Geithner: U.S. Has No Time for Tax Reform

Lawmakers should focus on enacting tax-related elements of Obama's jobs plan

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WASHINGTON (Reuters) — Congress does not have enough time to revamp the tax code as part of its effort to find at least $1.2 trillion in budget savings by year end, U.S. Treasury Secretary Timothy Geithner said on Tuesday.

Geithner told a Senate panel that the U.S. tax code was riddled with special preferences, but he argued that comprehensive reform was too big a task for a special deficit-cutting committee to tackle, given its tight deadline.

"We are not going to do fundamental tax reform in two months," he told the Senate Small Business Committee.

Instead, Geithner said lawmakers should focus on putting in place tax-related elements of the Obama administration's $447 billion jobs program. Those include an extension of an expiring payroll tax cut and letting companies deduct the value of their new investments from their tax obligations.

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"This is a bridge to fundamental tax reform, not a substitute," he said.

Senate Republicans have already blocked the overall jobs bill, forcing the administration and Senate Democrats to consider pushing just parts of the proposal through Congress.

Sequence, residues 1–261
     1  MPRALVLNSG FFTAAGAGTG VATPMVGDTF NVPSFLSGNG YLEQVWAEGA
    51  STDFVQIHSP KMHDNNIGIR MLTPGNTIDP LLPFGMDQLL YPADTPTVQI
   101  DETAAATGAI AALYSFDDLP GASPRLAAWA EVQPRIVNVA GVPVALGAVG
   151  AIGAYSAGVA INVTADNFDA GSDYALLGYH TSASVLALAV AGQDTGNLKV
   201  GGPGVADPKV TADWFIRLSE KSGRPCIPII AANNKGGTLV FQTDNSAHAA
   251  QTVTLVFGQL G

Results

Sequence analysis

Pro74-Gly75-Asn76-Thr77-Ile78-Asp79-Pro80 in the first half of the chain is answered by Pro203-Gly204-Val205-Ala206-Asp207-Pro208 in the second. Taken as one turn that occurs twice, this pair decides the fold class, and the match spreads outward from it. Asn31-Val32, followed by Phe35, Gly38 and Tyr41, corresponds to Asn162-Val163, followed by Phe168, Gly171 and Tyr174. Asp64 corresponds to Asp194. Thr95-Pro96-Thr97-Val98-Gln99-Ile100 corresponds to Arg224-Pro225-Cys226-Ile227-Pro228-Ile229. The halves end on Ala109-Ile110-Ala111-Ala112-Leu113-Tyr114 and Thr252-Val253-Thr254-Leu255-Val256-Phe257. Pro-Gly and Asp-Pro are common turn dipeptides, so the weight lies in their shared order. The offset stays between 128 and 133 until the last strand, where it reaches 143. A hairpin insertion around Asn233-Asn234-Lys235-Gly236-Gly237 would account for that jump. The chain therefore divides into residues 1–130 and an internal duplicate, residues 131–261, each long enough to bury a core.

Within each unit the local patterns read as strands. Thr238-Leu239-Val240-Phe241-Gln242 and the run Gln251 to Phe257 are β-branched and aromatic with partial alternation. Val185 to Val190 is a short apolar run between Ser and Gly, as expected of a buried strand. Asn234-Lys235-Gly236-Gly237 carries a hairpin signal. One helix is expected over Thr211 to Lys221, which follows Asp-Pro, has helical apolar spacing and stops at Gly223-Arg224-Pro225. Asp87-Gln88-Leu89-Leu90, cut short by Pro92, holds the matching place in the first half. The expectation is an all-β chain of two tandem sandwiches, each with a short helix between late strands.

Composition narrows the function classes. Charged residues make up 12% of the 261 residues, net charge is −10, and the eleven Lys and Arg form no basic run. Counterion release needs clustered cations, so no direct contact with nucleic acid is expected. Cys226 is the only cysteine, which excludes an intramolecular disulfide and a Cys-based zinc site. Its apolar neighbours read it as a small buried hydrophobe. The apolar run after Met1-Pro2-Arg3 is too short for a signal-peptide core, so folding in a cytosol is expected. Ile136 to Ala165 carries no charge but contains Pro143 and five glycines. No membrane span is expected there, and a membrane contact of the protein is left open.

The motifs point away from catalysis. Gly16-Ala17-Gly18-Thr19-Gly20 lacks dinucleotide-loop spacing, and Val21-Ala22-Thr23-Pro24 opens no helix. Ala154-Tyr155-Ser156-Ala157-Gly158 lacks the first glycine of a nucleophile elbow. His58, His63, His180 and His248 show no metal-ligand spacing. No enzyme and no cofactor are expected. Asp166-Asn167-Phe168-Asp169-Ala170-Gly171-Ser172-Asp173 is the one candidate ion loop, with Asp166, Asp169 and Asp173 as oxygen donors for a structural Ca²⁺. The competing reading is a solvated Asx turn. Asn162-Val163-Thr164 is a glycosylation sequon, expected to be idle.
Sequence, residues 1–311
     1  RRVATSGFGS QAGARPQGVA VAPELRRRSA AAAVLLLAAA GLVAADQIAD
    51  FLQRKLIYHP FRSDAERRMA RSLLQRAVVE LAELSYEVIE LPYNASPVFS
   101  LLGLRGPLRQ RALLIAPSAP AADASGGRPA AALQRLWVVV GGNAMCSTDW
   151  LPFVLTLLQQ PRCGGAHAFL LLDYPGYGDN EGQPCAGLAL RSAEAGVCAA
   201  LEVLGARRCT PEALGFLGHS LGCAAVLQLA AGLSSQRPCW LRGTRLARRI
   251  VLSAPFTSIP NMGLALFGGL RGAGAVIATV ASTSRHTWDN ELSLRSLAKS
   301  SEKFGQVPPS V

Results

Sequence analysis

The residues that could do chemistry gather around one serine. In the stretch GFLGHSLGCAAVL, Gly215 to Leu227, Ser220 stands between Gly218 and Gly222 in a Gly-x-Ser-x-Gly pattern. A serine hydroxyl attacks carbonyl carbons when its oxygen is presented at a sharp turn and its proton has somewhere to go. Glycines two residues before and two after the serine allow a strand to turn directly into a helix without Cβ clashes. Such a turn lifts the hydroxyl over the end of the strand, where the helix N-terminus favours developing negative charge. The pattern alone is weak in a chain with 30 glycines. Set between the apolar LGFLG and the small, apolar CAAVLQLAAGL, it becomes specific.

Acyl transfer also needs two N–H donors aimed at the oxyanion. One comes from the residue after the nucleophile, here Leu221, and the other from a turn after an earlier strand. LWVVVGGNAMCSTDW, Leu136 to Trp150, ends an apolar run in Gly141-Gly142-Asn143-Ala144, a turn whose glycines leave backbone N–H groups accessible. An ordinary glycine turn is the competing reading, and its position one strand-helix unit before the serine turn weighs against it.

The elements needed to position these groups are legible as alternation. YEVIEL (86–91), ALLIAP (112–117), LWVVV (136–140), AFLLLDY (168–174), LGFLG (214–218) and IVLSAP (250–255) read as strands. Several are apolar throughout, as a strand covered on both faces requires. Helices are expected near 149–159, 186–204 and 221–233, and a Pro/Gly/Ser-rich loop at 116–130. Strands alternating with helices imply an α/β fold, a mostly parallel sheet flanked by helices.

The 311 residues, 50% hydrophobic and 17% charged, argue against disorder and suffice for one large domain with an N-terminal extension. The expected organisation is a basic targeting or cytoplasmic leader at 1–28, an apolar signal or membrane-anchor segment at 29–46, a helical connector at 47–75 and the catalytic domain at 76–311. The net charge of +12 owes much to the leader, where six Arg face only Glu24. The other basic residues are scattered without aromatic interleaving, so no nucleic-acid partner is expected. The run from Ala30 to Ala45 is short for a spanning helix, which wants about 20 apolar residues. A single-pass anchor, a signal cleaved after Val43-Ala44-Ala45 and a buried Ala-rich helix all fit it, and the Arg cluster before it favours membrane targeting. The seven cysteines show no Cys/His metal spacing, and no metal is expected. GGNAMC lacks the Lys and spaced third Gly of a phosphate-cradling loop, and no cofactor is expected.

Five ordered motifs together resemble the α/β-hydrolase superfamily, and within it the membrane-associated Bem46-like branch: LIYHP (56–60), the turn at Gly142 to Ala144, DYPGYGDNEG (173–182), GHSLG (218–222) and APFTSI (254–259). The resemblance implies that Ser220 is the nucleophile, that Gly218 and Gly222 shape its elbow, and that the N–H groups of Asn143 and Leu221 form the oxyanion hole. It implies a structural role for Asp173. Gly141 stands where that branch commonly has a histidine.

Throughout the two-hour hearing, Geithner urged Congress to support specific provisions of Obama's plan. He said that small businesses still face a very tough economy and are experiencing more challenges than larger businesses after the recession.

CAN'T RELY ON TAX REFORM ALONE

In response to repeated requests from Republican Senator Olympia Snowe of Maine to move forward now with broad tax reform, Geithner said that alone would not get the economy growing fast enough.

President Barack Obama, who faces re-election in November 2012, is under pressure to revive the U.S. economy and create jobs. The U.S. unemployment rate has been stuck above 9 percent for five straight months.

The administration's push on its jobs package comes as the congressional deficit-reduction panel races to reach an agreement to curb federal spending by November 23. Congress then has until December 23 to approve the deal.

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If lawmakers fail to do so, automatic budget cuts will be triggered starting in 2013 that would cut funding across the board and hit defense hard.

Geithner told Republicans that any reform of the tax code had to put a greater burden on the richest Americans to bring the U.S. budget into better balance.

"If you don't, through tax reform, figure out ways to get modest amounts of additional revenue from the most fortunate Americans, than you're going to consign us to unsustainable deficits for a long period of time, which will hurt growth," he said.

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At the hearing, lawmakers expressed frustration that the administration's small business lending fund had only provided about $4 billion to 332 community banks across the country. The $30 billion program was aimed at encouraging small banks to increase lending to small businesses in the hopes of creating more jobs.